During filming Hitchcock deliberately handcuffed his two stars on the set after the two met each other for the first time. Hitchcock said that he had ‘lost’ the key and Donat and Carroll were subjected to amusement for hours. Donat later wrote to family members that he and Carroll had nothing to do but talk of mutual friends, and films when Hitchcock saw this he took out the key from his pocket and said ‘Now that you two know each other, we can proceed.’ Many variations of this story exists but Hitchcock’s bizarre method certainly worked onscreen.


“We’re a runaway couple.”

Supporting characters Hannay stumbles into are each given a personality while consistently keeping the thrills in the picture. They may not be relevant to the plot but it gives the movie a realistic atmosphere and the script by Charles Bennett is witty, filled with true human interaction despite the plot being a roller-coaster ride. An example of the quirky characters is the old lady who runs a Scottish inn with her husband, she being a romantic takes them in while they both masquerade as a runaway couple.


Richard Hannay the prototype James Bond

Some viewers may be put-off by how Hannay is just some ordinary guy and we never get any background aside from him being a Canadian rancher visiting London for a few weeks, nor do we know why he was so adept at escaping the bad guys that he’s a prototype James Bond but much more concerned with saving his own skin first while King and Country comes second to that. I think this is why it appeals to people to this day, Hannay was just an ordinary person he could be me or you and get thrown into the type of situation he was in.


Madeleine Carroll and Robert Donat: The Hipster Hitchcock Couple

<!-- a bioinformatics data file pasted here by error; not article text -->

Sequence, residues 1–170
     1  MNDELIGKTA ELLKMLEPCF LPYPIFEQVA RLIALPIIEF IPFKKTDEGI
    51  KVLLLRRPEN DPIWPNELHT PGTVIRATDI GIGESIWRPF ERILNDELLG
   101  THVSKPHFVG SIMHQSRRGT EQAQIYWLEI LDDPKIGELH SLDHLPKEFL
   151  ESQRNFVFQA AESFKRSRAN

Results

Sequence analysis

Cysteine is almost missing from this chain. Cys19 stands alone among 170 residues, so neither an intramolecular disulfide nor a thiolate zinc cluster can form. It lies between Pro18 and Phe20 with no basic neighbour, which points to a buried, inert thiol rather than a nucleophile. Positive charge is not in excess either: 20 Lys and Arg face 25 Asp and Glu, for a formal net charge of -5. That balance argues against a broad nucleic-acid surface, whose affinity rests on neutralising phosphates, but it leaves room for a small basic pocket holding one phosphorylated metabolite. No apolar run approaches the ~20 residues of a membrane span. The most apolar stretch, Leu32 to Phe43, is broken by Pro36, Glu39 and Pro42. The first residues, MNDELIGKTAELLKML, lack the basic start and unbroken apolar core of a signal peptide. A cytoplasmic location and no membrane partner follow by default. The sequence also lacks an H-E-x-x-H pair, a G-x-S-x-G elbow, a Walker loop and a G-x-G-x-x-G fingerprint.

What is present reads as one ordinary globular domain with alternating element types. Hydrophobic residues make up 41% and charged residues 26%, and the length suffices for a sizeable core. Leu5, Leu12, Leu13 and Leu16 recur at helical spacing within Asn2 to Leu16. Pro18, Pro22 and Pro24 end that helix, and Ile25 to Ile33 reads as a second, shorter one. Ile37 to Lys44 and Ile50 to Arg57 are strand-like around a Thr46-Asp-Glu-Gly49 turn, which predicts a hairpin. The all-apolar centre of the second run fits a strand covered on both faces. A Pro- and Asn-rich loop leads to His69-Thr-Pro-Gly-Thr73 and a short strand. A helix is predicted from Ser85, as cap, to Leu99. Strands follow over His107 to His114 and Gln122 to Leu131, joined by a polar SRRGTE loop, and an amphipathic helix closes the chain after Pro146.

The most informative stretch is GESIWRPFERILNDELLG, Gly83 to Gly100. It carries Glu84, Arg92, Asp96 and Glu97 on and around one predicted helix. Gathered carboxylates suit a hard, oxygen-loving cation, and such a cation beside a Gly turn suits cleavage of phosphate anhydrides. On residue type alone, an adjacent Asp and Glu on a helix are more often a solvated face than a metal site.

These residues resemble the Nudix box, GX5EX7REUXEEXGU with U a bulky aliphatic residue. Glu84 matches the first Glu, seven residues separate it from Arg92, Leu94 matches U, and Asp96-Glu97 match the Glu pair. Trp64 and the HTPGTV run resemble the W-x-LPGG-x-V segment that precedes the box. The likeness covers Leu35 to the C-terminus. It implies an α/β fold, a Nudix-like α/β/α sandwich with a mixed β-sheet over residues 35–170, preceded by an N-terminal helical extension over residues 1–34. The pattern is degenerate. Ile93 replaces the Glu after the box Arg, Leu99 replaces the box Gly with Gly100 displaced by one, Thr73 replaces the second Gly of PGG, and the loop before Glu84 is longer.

True that casual film fans or even classic film fans might not enjoy it as much as I did, even its two main stars are pretty much forgotten when they’re being pitted against the likes of other Hitchcock couples in James Stewart and Grace Kelly (Rear Window) and Cary Grant and Ingrid Bergman (Notorious). Donat and Carroll both had short careers on film though she made more films than he did. She abandoned her career after her sister was killed in WWII and devoted herself to helping wounded servicemen and children displaced and maimed by the war, she lived until the age of 81 while his chronic asthma got in the way of him making more than 20 films, later he died of an undiagnosed brain tumor in 1958 when he was only 53 years old, today he is best remembered as the title role in Goodbye, Mr. Chips which won him the Oscar. Secret Agent was to be their next Hitchcock project together but studio boss Alexander Korda refused to loan Donat again and a young John Gielgud took over.


Richard and Pamela at the London Palladium where everything goes down.

Overall, the film is a blast from the past Hitchcock and is a warm up of North by Northwest. It has a sassy Hitchcock couple that answers an earlier question; ‘out for adventure eh?’, it’s a spy story that doesn’t take itself seriously and the atmosphere is suspenseful and beautifully shot in glorious black and white. The supporting characters make this film memorable as well, the subtle humor inserted in is, shall I say…very British and how can we forget that this film was mentioned in The Catcher In The Rye by J.D. Salinger and is such a favorite of Phoebe Caulfield’s (Holden’s sister) that she’s seen it ten times and remembers it all by heart.

Highly recommended to those looking for adventure, romance, thrills and humor all in a Hitchcock film. You might not know what the man with the top joint of his little finger missing has to do with all this and you’ll miss Hitch’s little cameo!

5/5 Stars

The Heiress (1949) Review

Helmed by director William Wyler, The Heiress was originally a play by Ruth and Augustus Goetz based on Henry James’ Washington Square.


Set in 1850’s New York, It opens with our introduction to Catherine Sloper (Olivia de Havilland) and the people in the Sloper household.It is here we see her as the plain, shy woman who is undesirable to men. Her brilliant surgeon father Dr. Austin Sloper (Ralph Richardson) does a poor job of hiding his disappointment in his daughter, and constantly compares her to his late wife who had everything Catherine lacks, he enlists his recently widowed sister Lavinia to encourage Catherine to socialize with the young people in a party that night. That evening they go to a party where her cousin’s engagement is announced and there she meets a handsome young man named Morris Townsend (Montgomery Clift) a cousin of the groom who takes interest in her and who her father suspects is a fortune hunter.


Stars: Montgomery Clift, Olivia de Havilland and Ralph Richardson